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Too Far Behind? Oceanside City in California Considers Regulating Medical Pot

Too Far Behind? Oceanside City in California Considers Regulating Medical Pot

Latoya Jackman
new york times 20x11 - Too Far Behind? Oceanside City in California Considers Regulating Medical Pot

California made breaking headlines on Jan. 1 when it legalized recreational marijuana.

In 1996, California also made major headlines when it became the first state to legalize medical cannabis with the passage of the Compassionate Use Act.

But not all California’s many cities and counties are the same.

On Wednesday, the City Council of the coastal city of Oceanside finally decided to approve regulating and cultivating medical marijuana but rejecting having any dispensaries, CBS8 reported.

The approval came after months of proposing that Oceanside should be allowing production, testing, and sale of medical marijuana.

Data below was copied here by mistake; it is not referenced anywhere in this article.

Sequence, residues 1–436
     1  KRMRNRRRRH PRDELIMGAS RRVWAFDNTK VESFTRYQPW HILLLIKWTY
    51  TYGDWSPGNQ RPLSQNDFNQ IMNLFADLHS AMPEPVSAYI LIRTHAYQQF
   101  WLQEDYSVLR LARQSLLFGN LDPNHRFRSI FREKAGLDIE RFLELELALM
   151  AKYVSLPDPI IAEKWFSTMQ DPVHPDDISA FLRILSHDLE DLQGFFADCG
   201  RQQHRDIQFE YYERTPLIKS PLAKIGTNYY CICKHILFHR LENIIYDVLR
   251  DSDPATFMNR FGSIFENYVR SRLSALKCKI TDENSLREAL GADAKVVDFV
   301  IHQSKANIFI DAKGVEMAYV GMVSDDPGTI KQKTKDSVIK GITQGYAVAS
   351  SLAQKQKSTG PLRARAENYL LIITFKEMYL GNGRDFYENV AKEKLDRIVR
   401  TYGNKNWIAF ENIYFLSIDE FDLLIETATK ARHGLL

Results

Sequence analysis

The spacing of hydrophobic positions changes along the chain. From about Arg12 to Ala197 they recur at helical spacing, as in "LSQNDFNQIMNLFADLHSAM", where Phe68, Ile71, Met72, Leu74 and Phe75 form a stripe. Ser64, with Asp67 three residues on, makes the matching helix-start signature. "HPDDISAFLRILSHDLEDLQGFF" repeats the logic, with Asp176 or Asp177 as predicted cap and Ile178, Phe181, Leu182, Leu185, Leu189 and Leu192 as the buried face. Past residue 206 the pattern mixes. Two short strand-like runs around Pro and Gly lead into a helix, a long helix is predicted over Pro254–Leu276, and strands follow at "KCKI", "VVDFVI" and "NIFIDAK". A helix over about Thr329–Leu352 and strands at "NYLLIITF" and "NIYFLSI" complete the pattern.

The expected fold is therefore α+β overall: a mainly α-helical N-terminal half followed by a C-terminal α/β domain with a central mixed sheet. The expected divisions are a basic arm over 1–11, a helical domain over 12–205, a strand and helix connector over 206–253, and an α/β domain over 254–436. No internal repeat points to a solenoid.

Oceanside is the third-largest city in San Diego County, California.

Debate Continues

However, the debate to regulate medical marijuana continues in Oceanside.

One cannabis nurse told CBS8 that there are people who are not getting high, not robbing or raping people, but want to get treatment.

“They are taking this medicine because they do not want to take narcotics.”

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The Oceanside City Council on Wednesday night approved regulating medical marijuana and cultivation but rejected any dispensaries. Image via . 1024x576 - Too Far Behind? Oceanside City in California Considers Regulating Medical Pot
The Oceanside City Council on Wednesday night approved regulating medical marijuana and cultivation but rejected any dispensaries. (Image via 10News ).

There were also high school students, who expressed their concerns to the City Council.

One student, Madison Matella, said the presence of medical marijuana dispensaries in Oceanside will remind teens that it is out there, and will make them think it’s healthy and accessible.

“There are plenty of drugs they can get a prescription for at a hospital.”

There will be a second reading by the City Council on April 11. If approved it will go into effect in a month.

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